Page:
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Courtroom etiquette is critical to supporting reputation

When a couple in New York makes the choice to divorce from each other, they may experience feelings of anger, resentment and frustration towards each other and the untimely dissolving of their relationship. Many times, these strong emotions can carry over into court appointments where authorities are trying to facilitate the negotiation of important decisions regarding the couple's future. However, practicing respectful courtroom etiquette can actually play a critical role in a person's ability to support a professional and trustworthy reputation. 

Take child custody for example. In these types of court hearings, both parents are often adamant about why their child should continue to live with them. The discussion may become heated as strong opinions are shared and concerns are voiced. While some people are able to continue being courteous even under intense pressure, others become agitated and can be rude or disrespectful. A person's ability to stay calm despite potentially frustrating situations can make a surprising difference in the outcome they experience. 

Your prenuptial agreement may be invalid

If you are getting a divorce in New York and you have a prenuptial agreement, you may think you do not have to make any decisions because of the document. However, there are a number of factors that may cause the judge to throw out the prenup, which means you have to renegotiate finances and how to divide assets and debts. If you came into the relationship with the majority of assets, this could be detrimental to your case.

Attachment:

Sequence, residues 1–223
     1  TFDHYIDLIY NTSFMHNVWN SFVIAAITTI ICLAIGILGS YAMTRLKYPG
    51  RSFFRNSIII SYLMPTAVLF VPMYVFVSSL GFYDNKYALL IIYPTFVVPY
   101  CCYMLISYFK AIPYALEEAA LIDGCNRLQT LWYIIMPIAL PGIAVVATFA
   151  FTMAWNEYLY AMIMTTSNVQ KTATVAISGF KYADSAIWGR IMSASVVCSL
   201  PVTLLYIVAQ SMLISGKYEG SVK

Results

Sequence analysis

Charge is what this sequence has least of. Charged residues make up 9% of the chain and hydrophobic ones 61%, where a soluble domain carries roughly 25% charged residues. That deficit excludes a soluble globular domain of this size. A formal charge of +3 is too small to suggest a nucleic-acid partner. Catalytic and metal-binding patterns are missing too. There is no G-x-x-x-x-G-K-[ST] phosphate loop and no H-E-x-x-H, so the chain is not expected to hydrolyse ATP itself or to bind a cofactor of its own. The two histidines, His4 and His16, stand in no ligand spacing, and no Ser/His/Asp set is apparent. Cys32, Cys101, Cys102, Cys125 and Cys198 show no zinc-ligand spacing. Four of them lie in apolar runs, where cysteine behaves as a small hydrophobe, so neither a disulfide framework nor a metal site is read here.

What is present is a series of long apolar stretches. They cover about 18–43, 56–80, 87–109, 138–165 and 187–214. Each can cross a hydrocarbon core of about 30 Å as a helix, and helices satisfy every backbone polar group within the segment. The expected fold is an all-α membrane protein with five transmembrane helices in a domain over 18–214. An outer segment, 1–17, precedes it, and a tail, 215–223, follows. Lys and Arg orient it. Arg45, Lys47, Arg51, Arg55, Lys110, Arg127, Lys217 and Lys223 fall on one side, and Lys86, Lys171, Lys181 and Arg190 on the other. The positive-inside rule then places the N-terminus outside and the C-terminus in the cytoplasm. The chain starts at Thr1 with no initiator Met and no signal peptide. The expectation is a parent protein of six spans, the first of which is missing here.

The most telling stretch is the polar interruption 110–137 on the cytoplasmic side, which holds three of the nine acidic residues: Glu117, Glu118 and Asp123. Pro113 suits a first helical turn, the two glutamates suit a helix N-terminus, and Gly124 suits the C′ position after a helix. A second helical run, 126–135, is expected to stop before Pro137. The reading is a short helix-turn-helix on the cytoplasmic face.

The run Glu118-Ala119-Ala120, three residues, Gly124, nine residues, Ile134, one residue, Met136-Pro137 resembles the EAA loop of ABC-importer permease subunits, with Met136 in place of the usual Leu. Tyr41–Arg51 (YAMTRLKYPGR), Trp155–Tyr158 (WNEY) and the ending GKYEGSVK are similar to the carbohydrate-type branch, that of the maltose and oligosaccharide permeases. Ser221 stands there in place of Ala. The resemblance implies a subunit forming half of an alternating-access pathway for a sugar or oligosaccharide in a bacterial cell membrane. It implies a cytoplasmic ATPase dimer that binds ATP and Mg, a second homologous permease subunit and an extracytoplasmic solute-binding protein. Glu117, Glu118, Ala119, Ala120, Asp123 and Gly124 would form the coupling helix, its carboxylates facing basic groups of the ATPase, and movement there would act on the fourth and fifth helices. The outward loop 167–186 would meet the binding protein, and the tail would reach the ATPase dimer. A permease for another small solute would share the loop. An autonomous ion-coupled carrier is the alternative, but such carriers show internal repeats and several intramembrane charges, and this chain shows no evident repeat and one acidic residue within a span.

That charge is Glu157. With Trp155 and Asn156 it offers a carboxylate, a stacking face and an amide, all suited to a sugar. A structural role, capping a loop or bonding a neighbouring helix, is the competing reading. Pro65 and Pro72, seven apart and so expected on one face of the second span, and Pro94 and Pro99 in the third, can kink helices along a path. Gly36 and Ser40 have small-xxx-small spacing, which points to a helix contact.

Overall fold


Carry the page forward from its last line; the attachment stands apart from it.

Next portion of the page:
FindLaw discusses obvious reasons, such as it is not written down or one or both parties did not sign it, for invalidity, as well as some other factors to consider. Some of these include:

  • No time to read or consider - if one party does not read the agreement or does not have time to look it over with an attorney, it may be invalid
  • Pressure from other party - if the spouse, a family member or lawyer forces the other party to sign it, the judge may not consider the prenup
  • Incomplete or false information - both parties must present all facts regarding debts and assets, and factually, or the agreement is invalid
  • Unfair clauses - even if both sides agree and sign it, the judge may say the prenup is invalid if it is exceptionally unfair to one party

How to prepare for your divorce

If you and your spouse have not been getting along for a while, you may be thinking of a divorce. Before making that life-changing decision, you should both ask yourselves some questions to see if your relationship is salvageable. If not, there are things you can do to prepare for a divorce in New York, which will help the proceedings go a little easier.

According to the New York Times, couples should take the time and effort to consider a number of questions before deciding divorce is the only option. By the time divorce talk begins, emotions can confuse things, so it may be a good idea to go over the following questions with a third party:

  • Do you still love each other?
  • Do you both understand the issues in the relationship?
  • What could help save the marriage?
  • Do you agree on the roles each of you play?
  • Do you really think you will be happy without each other?
  • How can you prepare the children for divorce?
  • Are you ready for the financial consequences of divorce?

America's gig economy and delinquent child support

Child support is relatively straightforward in New York. The court applies a standard formula to the combined total of parental income and assets to set respective amounts of child support. While both parents usually share physical custody, children often live with one parent most of the time and receive visits or weekend and vacation care from the other parent.

Parents' child support should pay for the children's education, medical insurance, any special care for a child with a disability, clothing, school supplies and entertainment. The person who sees the children less often usually gives his or her child support share to the primary caretaker.

How does money affect your decision to divorce?